Spring weather's late arrival won't hurt the mosquitoes

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After slogging through one last week of winter weather, much of Minnesota will enjoy a taste of instant spring this weekend. Soon people will be slipping on shorts, sipping cool drinks in the backyard and leaving blankets behind when they head to Target Field.

And they will be swatting bugs.

The extended winter will not reduce the state's population of mosquitoes, ticks and blackflies, the Duluth News Tribune reports.

The Metropolitan Mosquito Control District on its Facebook page was warning people to be on the lookout for deer ticks last week.

“I don’t think the late season and snow cover is going to kill any of them,” retired teacher and area naturalist Larry Weber told the News Tribune. “I think they will all make it; it’s just that they will be coming a little bit later.”

It might have harmed the pests if the weather had really warmed up and gotten the insects moving – and then gotten very cold again. But it never really turned warm enough for that, experts say.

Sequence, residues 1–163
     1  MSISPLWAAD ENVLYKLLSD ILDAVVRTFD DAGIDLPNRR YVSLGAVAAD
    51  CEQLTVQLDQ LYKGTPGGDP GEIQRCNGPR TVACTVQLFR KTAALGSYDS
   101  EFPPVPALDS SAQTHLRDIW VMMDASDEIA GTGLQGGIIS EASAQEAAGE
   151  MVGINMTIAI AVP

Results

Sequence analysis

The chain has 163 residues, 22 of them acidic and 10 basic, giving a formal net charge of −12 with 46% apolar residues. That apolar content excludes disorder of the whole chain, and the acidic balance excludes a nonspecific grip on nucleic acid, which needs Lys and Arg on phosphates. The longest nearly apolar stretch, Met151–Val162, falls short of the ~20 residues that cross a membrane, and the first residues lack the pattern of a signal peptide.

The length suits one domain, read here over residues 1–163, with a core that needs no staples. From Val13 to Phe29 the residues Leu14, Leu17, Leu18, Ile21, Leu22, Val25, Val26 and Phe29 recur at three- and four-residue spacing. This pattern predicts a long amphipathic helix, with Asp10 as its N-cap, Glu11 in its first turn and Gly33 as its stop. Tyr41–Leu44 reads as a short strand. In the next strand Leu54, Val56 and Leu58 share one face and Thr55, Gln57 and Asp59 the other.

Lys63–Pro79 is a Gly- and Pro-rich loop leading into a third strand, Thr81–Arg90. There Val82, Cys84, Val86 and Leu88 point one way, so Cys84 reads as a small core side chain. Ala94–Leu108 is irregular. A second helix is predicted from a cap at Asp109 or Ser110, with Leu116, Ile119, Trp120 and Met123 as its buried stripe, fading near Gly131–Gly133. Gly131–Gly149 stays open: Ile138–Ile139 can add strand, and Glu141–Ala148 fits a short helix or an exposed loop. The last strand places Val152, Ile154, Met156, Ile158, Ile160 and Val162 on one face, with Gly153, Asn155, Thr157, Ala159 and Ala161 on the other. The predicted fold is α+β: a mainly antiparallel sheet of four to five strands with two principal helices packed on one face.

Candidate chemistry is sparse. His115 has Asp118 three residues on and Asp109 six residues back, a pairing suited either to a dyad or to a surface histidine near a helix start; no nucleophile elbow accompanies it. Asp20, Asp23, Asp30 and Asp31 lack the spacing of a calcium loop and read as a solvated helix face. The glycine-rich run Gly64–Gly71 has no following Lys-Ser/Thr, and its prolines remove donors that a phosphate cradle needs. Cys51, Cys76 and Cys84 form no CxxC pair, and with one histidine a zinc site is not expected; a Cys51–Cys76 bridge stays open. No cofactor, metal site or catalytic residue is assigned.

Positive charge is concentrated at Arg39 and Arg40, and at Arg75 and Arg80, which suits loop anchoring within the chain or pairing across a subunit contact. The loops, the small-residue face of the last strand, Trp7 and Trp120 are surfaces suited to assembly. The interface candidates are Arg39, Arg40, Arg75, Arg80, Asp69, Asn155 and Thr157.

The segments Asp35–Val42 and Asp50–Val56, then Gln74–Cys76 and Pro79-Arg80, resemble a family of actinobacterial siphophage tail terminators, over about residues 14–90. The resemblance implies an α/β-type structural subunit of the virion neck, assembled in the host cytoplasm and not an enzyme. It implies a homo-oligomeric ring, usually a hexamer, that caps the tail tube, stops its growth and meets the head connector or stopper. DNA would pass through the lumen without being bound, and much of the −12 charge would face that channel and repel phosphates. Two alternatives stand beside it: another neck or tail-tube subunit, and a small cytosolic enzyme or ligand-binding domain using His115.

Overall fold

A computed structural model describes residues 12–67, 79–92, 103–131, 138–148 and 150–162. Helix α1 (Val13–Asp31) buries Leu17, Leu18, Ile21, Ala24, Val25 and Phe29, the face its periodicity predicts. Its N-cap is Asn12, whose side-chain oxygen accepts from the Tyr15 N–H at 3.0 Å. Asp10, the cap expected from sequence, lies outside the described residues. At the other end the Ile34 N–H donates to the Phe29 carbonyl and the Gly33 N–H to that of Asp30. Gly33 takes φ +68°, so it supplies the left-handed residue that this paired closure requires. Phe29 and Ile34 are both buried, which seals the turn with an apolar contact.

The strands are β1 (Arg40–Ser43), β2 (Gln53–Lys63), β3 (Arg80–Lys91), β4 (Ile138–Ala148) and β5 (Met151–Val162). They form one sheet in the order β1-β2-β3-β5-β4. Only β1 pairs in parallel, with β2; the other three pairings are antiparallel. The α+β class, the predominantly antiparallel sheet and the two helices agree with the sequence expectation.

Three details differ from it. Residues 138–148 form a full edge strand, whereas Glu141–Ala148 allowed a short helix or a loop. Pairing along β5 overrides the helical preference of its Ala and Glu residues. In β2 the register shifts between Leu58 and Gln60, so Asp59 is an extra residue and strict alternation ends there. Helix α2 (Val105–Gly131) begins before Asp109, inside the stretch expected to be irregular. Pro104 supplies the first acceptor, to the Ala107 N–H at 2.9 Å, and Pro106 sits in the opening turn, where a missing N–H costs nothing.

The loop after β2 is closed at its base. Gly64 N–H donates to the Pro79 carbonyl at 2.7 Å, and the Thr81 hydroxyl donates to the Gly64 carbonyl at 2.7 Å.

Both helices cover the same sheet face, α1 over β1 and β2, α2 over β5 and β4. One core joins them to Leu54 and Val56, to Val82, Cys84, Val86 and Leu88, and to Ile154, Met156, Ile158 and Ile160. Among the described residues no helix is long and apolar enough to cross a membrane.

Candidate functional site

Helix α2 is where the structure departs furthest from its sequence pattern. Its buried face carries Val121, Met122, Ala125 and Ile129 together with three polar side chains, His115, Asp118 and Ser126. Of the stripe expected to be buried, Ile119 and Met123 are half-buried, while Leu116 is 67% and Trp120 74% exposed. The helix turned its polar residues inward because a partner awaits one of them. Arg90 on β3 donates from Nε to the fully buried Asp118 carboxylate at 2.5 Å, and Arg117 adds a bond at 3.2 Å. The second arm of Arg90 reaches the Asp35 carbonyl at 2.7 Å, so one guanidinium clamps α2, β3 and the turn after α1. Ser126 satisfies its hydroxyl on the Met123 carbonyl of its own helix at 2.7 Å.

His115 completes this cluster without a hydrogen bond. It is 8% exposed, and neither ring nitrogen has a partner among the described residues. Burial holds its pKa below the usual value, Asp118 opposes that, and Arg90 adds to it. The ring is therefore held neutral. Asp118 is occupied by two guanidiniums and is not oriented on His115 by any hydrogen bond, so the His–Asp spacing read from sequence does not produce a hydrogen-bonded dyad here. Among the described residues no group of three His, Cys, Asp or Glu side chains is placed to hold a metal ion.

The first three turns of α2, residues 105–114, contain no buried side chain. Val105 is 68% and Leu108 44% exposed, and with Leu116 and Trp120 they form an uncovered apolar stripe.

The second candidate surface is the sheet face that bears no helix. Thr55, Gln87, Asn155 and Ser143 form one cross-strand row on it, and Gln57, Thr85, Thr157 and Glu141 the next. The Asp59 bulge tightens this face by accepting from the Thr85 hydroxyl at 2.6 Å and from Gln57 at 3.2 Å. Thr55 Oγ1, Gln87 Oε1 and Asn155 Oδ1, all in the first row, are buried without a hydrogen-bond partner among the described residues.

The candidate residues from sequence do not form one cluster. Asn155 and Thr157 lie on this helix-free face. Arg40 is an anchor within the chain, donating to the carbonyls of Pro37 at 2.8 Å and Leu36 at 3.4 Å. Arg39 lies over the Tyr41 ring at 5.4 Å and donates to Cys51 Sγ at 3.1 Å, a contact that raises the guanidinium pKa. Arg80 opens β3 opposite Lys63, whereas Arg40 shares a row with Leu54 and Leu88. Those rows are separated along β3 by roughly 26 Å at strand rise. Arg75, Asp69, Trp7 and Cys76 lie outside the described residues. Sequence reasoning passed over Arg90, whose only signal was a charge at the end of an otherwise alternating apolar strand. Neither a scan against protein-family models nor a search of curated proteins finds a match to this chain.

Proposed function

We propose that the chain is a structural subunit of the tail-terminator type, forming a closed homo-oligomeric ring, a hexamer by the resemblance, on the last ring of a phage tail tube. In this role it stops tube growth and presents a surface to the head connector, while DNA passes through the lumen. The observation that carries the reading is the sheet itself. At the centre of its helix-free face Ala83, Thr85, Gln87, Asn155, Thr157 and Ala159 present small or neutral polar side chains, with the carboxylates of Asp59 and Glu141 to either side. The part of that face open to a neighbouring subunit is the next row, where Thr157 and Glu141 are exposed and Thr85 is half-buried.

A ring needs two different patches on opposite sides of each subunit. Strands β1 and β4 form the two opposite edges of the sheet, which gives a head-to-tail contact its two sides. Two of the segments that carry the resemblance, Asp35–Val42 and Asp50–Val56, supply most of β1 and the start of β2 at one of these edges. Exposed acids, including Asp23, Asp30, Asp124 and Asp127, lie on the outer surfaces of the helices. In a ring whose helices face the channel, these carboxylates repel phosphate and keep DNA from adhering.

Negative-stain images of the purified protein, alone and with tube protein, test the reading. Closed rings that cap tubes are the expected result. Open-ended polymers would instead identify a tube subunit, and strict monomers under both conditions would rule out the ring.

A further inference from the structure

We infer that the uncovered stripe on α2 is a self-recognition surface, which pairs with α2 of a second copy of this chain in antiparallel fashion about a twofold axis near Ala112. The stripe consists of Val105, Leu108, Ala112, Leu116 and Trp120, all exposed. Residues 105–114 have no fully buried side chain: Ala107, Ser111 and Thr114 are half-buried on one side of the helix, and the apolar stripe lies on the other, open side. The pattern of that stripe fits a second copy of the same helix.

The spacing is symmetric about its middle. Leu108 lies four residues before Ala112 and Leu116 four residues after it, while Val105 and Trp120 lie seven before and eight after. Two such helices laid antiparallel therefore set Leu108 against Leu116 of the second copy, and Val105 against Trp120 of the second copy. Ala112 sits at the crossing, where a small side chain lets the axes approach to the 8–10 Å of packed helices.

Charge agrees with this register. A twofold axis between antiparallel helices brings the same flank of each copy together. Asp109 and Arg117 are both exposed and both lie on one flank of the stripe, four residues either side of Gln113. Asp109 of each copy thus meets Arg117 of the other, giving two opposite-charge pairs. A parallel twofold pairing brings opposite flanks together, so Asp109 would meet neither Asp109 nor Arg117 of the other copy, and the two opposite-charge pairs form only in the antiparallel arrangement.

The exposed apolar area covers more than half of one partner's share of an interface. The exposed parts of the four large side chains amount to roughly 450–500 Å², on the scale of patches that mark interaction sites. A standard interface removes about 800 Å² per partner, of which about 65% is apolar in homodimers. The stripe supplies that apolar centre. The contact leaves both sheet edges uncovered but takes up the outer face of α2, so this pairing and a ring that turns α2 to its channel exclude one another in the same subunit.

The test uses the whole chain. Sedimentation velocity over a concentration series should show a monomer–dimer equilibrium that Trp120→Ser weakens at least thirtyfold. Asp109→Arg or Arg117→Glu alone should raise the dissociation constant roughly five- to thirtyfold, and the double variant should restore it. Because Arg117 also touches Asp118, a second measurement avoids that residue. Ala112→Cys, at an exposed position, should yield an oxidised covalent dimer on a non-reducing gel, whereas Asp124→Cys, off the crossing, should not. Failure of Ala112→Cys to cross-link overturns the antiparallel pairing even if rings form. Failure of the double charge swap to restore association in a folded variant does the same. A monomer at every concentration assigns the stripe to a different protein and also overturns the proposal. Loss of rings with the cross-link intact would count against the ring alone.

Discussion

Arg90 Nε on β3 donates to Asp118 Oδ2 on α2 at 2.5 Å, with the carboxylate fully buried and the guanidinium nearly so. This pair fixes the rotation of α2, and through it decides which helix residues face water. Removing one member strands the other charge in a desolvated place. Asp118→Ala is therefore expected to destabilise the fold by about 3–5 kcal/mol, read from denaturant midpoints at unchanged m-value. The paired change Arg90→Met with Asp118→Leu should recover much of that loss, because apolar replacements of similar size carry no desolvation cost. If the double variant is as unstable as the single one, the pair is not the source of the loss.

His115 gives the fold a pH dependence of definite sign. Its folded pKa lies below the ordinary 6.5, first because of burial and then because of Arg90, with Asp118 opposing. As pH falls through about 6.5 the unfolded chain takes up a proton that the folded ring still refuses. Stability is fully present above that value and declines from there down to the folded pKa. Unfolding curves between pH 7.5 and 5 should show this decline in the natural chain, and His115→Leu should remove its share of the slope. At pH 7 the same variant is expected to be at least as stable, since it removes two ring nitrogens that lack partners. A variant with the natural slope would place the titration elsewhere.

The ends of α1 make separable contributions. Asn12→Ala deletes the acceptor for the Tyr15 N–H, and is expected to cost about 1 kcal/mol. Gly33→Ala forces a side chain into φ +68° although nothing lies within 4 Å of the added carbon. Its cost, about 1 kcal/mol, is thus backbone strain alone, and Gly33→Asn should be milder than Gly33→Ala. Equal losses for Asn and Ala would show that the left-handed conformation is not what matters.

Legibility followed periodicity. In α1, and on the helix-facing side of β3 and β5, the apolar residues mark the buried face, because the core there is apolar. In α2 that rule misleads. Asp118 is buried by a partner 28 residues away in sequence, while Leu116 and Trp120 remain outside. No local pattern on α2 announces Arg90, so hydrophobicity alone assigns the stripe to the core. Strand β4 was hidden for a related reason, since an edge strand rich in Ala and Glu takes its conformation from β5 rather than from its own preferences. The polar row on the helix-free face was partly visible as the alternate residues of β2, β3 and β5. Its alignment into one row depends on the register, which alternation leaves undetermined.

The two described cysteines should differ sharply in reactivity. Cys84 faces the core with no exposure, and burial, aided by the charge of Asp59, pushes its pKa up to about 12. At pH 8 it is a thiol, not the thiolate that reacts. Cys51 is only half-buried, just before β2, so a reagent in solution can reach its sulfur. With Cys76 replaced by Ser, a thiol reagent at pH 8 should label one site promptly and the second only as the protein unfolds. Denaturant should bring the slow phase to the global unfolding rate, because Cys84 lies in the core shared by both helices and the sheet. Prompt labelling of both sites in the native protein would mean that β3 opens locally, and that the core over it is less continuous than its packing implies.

Mosquitoes will simply start showing up a little later than usual, MPR reported. Last year's early spring invited mosquitoes out by mid- to late May, Jim Stark, who directs the Metropolitan Mosquito Control District, told MPR. This year, they will be along soon enough, depending on how much rain the state gets after it warms up, he said.

The story is the similar for forest pests like army worms, the News Tribune reported.

“Most of the stuff we have is pretty well adapted” to winter, said Mike Albers, a forest health specialist with the Minnesota Department of Natural Resources’ Division of Forestry.

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